Thursday, 26 May 2016

Don't anger the Fairies



Blossoms and bluebells have gone, and it's time for a new pretender to the throne here in the gardens at Dolores Delargo Towers...

From the Gardens Ablaze site:
The alternate names for Foxglove give a glimpse into how embedded this plant is in Fairy and Magick folklore, and includes Fairy Petticoats, Fairy Thimbles, Fairy Fingers, Fairy Weed, Fox Mittens, Witches Bells, Witches Thimbles, Folks Gloves, and Fox Bells. Indeed, the name Foxglove itself is derived from a legend that says that evil Fairies gave a fox the flower petals to put on his toes so that he could rob the chicken house without being heard - thus the name "fox glove."

Fairy gardens have become quite popular, and Foxglove is a must-have for attracting Fairies. Fairies supposedly play within the flowers, and each spot inside marks the spot where a Fairy has touched the surface. Placed in front of the house, Foxglove is believed to protect the occupants from evil influences. Picking Foxglove from the garden and bringing it inside is believed to anger the Fairies. Placed in a charm or talisman, a piece of Foxglove flower is believed to keep one inside protective Fairy light.


I do love a bit of "Fairy light", don't you? But the foxglove's usefulness goes further than folklore...

From "Molecule of the Month":
Digitalis is an example of a cardio-active or cardiotonic drug, in other words a steroid which has the ability to exert a specific and powerful action on the cardiac muscle in animals, and has been used in the treatment of heart conditions ever since its discovery in 1775.

The discovery of digitalis is accredited to the Scottish doctor William Withering, and makes for quite an interesting historical story. While working as a physician in Staffordshire in the 18th Century, his girlfriend got him interested in plants and botany - so much so, that in 1776 he published a huge treatise, whose title begins 'A botanical arrangement of all the vegetables growing in Great Britain...' and goes on for a further 24 lines.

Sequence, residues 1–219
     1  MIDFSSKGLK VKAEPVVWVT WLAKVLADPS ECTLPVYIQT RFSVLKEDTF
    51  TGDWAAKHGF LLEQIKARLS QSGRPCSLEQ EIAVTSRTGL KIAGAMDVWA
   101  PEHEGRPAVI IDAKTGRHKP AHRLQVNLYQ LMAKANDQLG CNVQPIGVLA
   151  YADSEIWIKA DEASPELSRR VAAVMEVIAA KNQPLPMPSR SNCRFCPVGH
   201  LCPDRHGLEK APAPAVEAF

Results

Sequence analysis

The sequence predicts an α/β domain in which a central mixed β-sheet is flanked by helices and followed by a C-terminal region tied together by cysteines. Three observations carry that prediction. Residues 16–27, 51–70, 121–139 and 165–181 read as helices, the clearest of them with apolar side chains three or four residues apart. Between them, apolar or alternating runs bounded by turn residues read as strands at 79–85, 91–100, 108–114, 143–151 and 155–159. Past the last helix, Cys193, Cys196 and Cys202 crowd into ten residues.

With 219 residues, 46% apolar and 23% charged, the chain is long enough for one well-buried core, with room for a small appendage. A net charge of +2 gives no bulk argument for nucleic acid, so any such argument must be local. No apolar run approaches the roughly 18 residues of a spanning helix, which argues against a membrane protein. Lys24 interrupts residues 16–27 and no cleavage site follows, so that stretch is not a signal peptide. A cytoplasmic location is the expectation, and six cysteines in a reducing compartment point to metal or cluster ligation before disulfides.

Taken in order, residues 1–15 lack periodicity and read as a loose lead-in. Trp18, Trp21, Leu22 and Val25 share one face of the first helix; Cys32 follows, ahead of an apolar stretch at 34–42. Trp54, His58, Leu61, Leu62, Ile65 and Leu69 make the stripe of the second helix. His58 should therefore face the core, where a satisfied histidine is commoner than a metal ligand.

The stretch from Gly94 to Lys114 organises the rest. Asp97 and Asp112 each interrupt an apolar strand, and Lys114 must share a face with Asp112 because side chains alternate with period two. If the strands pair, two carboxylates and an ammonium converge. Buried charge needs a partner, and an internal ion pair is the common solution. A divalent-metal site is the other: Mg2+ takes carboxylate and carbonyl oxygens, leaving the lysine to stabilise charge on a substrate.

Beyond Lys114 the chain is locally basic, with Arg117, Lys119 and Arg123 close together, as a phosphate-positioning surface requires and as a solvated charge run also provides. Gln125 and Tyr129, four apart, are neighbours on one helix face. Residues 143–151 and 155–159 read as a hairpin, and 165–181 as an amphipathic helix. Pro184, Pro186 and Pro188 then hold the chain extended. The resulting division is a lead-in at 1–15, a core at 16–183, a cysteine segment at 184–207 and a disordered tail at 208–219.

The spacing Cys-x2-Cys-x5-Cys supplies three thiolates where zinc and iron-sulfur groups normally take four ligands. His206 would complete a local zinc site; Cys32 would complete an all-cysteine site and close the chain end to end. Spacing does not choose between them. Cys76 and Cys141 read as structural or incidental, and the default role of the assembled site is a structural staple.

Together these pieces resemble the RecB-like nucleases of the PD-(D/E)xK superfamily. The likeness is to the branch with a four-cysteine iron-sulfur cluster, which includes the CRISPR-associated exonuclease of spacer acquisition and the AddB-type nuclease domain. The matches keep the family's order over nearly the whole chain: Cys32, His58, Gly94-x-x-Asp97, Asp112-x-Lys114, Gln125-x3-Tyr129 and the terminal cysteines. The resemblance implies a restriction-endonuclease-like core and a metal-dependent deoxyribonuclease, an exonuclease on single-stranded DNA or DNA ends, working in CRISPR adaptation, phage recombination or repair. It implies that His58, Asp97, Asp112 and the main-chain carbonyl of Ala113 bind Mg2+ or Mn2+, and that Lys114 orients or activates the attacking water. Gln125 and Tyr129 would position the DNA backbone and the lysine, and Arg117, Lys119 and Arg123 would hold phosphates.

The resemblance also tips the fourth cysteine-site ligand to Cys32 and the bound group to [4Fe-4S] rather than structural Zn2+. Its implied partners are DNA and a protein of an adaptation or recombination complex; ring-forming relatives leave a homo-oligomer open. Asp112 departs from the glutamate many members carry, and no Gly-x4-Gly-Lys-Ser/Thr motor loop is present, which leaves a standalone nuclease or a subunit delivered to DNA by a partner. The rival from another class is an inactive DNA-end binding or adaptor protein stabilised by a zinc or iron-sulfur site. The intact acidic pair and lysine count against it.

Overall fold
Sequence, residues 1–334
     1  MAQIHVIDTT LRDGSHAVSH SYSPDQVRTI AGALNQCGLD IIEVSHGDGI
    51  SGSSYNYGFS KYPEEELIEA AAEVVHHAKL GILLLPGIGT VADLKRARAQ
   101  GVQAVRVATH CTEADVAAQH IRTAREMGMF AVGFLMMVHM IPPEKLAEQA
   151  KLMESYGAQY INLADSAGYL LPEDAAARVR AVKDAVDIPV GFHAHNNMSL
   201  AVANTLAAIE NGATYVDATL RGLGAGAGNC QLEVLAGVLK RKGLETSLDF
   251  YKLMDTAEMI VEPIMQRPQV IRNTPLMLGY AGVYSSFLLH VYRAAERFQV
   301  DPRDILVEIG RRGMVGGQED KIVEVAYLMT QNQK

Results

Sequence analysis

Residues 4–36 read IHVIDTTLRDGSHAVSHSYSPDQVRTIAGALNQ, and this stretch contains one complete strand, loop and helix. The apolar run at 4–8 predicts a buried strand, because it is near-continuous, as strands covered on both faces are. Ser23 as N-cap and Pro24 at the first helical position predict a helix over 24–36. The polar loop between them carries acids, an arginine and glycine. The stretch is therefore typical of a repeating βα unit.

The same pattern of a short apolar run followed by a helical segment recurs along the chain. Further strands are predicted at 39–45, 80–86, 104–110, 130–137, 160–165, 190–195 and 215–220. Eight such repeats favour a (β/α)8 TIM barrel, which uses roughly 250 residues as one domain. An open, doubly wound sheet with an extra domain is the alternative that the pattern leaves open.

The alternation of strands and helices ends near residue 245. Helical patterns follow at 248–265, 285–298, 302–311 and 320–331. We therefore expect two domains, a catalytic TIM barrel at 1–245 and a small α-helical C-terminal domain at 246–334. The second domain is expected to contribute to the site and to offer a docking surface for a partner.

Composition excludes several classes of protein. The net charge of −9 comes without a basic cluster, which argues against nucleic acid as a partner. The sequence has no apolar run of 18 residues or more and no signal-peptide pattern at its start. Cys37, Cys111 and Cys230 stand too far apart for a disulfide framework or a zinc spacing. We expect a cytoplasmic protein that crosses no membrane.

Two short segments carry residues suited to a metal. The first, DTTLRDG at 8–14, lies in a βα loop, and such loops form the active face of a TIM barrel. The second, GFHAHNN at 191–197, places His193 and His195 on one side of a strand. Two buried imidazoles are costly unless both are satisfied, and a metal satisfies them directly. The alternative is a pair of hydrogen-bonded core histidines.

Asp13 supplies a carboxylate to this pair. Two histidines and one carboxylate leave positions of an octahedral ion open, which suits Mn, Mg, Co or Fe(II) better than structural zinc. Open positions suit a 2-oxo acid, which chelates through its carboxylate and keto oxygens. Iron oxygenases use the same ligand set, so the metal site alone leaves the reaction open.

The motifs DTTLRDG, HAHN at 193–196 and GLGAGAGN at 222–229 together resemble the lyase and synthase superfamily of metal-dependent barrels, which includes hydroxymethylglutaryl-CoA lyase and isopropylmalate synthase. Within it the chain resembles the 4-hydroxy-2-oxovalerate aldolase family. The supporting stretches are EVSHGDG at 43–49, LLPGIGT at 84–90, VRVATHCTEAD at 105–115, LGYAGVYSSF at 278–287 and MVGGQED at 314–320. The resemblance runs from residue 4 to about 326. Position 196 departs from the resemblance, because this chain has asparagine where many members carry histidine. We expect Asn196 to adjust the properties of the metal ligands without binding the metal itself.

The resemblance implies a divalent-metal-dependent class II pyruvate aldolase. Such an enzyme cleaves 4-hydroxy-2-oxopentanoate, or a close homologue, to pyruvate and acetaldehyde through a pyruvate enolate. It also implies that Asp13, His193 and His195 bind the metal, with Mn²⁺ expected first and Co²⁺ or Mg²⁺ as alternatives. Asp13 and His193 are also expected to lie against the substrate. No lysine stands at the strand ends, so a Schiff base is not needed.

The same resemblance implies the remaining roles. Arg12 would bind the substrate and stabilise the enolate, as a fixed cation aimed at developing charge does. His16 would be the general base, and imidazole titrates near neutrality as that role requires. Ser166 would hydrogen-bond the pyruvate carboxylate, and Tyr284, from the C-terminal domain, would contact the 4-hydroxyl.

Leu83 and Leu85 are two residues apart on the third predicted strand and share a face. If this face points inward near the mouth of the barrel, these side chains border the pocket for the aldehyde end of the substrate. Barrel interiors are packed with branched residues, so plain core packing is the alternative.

In 1775, one of his patients came to him with a very bad heart condition and since Withering had no effective treatment for him, thought he was going to die. The patient, being an independent type, went instead to a local gypsy, took a secret herbal remedy - and promptly got much better!

When Withering heard about this, he became quite excited and searched for the gypsy throughout the by-ways of Shropshire. Eventually he found her, and demanded to know what was in the secret remedy. After much bargaining, the gypsy finally told her secret. The herbal remedy was made from a whole concoction of things, but the active ingredient was the Purple Foxglove (Digitalis purpurea). The potency of digitalis extract had been known since the dark ages, when it had been used as a poison for the mediaeval 'trial by ordeal', and also used as an external application to promote the healing of wounds.

So Withering tried out various formulations of digitalis plant extracts on 163 patients, and found that if he used the dried, powdered leaf, he got amazingly successful results. He introduced its use officially in 1785.
Is it any wonder we are obsessed with plants?

6 comments:

  1. What an interesting read. Why do don't have a The Flower Gardening and Gin Cocktail Hour show here on our HGTV is beyond me.

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    1. I'm up for a gig presenting such a show... Jx

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    2. I'd need to wear a "Say Something Hat"... Jx

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  2. Just this spring I had a volunteer foxglove spring up in the middle of the garden path. All crushed gravel, it couldn't be any less beneficial soil, but the foxglove is one of the biggest I've ever seen.

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    1. They are famous for liking really poor soil - much like poppies and other so-called "weeds" - and put on a fantastic show wherever they pop up. Jx

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